I had one or two students who were new additions to my classes and they were once again added into everything.  I was able to sit down with a couple of students who were behind and assist them with tasks.  As more students asked for help we went to the mentor approach.  Some students who were asked to mentor others were a bit surprised; they did not think they knew enough to help.  They were wrong, they did an excellent job helping others which made the day a success.

There were a few parent concerns sent in on the signed information sheets.  I was able to zip off email replies to answer their questions.  The main concern was about a lack of home Internet access and if it would affect student grades.  I assured the parents that time is given in class to complete assignments, and my room is open during the day for students to come in and work.  A lack of home access should not be a problem unless students are wasting time in class and not utilizing time during the school day.

Overall, the day was very productive and the students cleared out most of their due assignments, which left me with a ton of work to grade.  The pace was much more relaxed, which I greatly appreciated.  It has been a bit tiring this week, but the groundwork is in place for the rest of the year.  There are a few more tools that need to be rolled out, but they can wait until they are needed for specific assignments.

Class Orientation: Day Four Computer Lab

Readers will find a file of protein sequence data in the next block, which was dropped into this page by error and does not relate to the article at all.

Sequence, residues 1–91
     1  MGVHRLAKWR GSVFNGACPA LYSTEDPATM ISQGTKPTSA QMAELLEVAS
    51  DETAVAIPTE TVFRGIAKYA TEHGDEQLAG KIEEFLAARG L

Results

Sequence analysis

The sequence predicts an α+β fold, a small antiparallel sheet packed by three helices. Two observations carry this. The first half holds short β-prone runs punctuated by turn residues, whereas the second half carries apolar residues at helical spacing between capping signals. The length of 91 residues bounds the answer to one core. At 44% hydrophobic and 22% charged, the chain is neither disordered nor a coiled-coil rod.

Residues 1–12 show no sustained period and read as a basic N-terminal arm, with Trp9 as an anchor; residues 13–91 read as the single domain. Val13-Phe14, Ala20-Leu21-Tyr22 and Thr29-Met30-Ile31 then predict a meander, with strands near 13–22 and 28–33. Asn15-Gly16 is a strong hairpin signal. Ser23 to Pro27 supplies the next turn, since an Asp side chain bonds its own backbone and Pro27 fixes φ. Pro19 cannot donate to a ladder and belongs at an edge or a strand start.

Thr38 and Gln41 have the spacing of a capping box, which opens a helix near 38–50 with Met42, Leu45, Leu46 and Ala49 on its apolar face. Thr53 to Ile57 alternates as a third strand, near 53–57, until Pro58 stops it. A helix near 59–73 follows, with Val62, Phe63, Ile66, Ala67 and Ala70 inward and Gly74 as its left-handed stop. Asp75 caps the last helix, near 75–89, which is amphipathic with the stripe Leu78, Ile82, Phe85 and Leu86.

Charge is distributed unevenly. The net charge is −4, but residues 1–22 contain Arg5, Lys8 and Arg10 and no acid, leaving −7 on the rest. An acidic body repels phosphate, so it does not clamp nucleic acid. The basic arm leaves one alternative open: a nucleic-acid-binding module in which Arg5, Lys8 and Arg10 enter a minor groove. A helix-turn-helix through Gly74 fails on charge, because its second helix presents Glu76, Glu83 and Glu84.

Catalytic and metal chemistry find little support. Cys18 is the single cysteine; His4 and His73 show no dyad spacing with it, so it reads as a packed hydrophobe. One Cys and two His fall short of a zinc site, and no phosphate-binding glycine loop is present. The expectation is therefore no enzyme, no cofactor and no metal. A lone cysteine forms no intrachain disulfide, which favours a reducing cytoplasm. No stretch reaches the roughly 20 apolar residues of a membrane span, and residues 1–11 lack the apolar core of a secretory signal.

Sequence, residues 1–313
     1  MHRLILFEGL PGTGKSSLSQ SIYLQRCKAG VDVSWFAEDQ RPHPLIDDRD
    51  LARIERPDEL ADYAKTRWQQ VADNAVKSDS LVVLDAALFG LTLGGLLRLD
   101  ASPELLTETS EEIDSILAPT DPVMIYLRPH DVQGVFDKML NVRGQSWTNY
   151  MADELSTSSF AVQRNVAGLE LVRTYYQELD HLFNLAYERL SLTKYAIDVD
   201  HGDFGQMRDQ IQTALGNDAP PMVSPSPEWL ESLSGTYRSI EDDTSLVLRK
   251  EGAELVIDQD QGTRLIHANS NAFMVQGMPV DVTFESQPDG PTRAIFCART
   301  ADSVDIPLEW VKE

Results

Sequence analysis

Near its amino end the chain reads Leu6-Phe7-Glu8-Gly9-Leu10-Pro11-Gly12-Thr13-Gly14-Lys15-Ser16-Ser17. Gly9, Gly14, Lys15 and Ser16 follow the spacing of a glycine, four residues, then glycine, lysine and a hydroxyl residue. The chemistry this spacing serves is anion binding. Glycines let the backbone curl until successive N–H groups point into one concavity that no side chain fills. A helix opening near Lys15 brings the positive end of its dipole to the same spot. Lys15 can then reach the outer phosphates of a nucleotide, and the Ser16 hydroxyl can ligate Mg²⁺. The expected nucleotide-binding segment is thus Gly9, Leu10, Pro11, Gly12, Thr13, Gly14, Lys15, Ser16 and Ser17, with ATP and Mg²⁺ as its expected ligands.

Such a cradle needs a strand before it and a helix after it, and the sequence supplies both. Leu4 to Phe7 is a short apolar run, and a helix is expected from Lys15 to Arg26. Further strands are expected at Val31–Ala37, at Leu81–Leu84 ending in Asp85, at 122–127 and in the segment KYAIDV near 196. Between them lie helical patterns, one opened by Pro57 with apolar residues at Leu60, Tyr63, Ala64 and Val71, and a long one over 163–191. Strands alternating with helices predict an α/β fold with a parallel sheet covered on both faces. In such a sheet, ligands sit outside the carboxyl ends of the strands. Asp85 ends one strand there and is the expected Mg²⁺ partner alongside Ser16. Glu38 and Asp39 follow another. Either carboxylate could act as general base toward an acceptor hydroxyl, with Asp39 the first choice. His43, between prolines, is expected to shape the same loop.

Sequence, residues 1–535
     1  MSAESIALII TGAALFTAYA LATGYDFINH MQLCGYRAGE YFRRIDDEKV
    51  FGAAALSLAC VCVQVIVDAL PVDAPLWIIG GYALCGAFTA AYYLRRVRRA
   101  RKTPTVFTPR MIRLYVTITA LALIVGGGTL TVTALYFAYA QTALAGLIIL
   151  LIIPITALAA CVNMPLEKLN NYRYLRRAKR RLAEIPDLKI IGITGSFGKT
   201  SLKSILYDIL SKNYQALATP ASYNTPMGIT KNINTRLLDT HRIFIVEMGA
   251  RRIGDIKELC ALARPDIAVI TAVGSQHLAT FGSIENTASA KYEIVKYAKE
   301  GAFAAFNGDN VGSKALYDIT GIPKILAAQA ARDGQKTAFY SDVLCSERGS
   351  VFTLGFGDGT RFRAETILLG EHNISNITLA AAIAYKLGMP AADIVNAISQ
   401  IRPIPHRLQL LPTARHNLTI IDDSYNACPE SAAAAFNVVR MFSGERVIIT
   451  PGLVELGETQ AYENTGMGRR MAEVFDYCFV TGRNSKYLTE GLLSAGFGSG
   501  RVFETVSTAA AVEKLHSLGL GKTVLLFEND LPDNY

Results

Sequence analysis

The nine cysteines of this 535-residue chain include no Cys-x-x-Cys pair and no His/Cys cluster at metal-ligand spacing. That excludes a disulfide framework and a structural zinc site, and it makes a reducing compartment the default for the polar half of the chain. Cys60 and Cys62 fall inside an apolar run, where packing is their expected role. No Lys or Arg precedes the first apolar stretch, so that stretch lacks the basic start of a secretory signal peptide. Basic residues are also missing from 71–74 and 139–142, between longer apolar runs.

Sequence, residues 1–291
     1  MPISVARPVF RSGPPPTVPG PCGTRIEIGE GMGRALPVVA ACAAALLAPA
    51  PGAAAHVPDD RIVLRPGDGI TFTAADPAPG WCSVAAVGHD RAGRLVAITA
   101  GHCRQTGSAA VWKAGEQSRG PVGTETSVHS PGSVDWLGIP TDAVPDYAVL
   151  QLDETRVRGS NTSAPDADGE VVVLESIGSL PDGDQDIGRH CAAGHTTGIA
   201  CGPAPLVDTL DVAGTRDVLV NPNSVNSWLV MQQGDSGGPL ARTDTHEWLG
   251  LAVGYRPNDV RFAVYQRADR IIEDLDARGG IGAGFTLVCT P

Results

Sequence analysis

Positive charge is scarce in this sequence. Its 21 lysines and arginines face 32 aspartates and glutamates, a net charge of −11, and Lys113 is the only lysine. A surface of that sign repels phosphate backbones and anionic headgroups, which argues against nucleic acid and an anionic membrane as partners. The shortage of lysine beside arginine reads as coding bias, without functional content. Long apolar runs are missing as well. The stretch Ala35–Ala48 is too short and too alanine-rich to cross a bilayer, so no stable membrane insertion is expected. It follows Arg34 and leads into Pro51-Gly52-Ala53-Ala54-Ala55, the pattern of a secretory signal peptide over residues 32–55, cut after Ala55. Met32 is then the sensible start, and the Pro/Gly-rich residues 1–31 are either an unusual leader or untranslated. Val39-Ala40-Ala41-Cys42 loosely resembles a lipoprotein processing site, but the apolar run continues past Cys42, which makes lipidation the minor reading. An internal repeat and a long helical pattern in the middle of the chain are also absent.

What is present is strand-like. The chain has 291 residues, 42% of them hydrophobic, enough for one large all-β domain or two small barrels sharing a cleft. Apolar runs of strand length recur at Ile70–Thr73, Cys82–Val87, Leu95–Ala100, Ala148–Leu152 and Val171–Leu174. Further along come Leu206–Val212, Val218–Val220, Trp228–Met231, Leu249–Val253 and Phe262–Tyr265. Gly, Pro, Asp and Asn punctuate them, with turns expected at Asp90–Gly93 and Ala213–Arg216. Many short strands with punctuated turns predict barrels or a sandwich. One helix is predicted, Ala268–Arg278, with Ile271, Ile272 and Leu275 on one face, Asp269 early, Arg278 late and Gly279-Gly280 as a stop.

Today, my students went to the computer lab around the corner from my room…they experienced working on the iPods, now they needed back in their comfort zone.  The assignments that needed to be completed could be done more efficiently on a larger interface than what the iPods could provide.

We met in my room to review the lesson for the day.  We ran a quick overview of what needs done by looking at the assignments in Edmodo.  They saw haw to use the “Grades” tab to see what they have turned in, received grades for, or owed.  The Blog Expectation Parent Sign-off sheets were handed out, and I showed them the Dashboard of their blogs on the Polyvision Interactive Whiteboard (IWB). The last lesson for Orientation was also rolled out.  After the students post to their blog, they are to personalize their blog to their liking.  It is their blog, hopefully they will use it beyond mandatory class assignments.  They should be allowed to place their stamp on it.  There is a rubric for basic minimums required, it is their blog to personalize, but there still needs to be some requirements in place.  I shared a folder with links to a few widgets for them to use in Edmodo.

Once in the computer lab the students jumped into the assignments.  Some caught on rather quickly and became student mentors to others.  This helped me out tremendously; since there were still a few new students in some classes that needed put into the class system, Edmodo, Edublogs, and all of the previous assignments.  Once again I could handle the administrative tasks and have my students mentor the new students and get them up to speed. Once those were completed, I floated about and worked one on one or with small groups answering technical questions.

Overall the day was rather fast paced and a bit hectic, but very productive.  Two more days in the computer room and we are jumping into the curriculum.

Class Orientation: Day Three…Bring on the Blogs!

Today we slowed the pace down a bit during class orientation and let the ideas of this week soak in.

A student from each period logged into Edmodo and projected their view of Edmodo to the rest of the class.  It looks rather different on an IWB when compared to the screen on an iPod Touch.